This application has solved the problems by replacing porcelain with polymeric and composite materials in particular in medium- and high-voltage outdoor terminations of extruded cables. Several reasons for using the polymeric and composite materials include:
reducing to the minimum explosion risks in case of fire or internal electric discharge;
reducing brittleness, so as to prevent damages caused by accidental impacts or, for example, vandalic acts;
increasing transportation and installation simplicity and facility;
increasing safety margins under high-pollution conditions.
This application has considered coverings of the elastic type to be applied to the surface of a cable insulator. However, the requisite qualities to be simultaneously met by the elastic coverings of the above described type are hardly compatible with each other. In particular, it has been noted that an insulating covering for cable terminations of the elastic type must meet requirements of the mechanical type, including expandibility and elastic recovery, as well as requirements of the electric/environmental type, including resistance to tracking and solar radiation.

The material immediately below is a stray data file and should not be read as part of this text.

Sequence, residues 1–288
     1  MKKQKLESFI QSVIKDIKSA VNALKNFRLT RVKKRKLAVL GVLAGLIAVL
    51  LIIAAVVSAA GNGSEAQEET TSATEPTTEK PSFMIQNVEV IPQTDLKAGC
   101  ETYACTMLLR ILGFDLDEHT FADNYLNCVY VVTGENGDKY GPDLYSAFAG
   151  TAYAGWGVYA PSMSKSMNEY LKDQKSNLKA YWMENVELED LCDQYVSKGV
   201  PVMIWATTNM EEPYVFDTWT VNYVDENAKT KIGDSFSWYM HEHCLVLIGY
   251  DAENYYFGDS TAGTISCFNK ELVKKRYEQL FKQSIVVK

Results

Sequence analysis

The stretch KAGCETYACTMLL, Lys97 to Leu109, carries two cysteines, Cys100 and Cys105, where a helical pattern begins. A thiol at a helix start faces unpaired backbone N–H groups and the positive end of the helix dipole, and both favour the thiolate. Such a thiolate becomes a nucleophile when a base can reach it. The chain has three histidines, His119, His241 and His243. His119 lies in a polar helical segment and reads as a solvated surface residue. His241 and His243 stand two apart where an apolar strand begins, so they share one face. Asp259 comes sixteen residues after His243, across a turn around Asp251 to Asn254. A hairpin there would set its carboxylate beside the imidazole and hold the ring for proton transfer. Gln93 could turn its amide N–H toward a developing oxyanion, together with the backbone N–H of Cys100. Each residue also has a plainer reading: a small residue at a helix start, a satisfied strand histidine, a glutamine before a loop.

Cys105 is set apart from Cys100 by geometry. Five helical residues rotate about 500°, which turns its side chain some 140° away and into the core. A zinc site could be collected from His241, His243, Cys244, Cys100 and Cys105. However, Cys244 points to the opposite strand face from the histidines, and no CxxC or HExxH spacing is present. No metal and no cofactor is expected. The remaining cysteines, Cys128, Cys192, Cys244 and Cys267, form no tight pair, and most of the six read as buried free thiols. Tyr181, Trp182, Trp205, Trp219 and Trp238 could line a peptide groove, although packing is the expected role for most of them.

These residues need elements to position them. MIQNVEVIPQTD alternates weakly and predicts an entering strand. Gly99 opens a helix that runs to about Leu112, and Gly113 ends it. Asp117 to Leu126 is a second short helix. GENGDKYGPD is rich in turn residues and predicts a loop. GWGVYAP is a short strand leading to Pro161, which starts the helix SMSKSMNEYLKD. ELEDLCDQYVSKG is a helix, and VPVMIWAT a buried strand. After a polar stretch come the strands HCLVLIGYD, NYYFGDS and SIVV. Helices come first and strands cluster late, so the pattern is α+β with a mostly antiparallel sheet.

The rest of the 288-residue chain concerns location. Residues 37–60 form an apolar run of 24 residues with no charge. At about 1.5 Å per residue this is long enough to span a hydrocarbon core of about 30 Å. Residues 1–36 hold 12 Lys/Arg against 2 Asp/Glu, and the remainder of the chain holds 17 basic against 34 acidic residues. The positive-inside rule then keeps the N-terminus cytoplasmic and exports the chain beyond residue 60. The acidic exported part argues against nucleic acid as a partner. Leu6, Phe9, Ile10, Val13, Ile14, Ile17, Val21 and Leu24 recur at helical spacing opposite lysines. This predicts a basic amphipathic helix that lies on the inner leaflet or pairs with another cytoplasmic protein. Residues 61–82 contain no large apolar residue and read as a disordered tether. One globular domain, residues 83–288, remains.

Therefore, one aspect of the present invention relates to the combination of two different blends: one insulating blend for the inner layer (not directly in contact with the weathering agents), characterized by suitable mechanical properties including expandibility and elastic recovery; and a second blend for the outer layer suitable to withstand environmental factors affected by pollution including resistance to tracking and to weathering agents including solar radiation. The inner and outer layer are constructed under an expansion state. Resistance to tracking is evaluated on flat test pieces by the method described in specification IEC-587, second edition, 1984. No particular properties of elastic recovery is however required.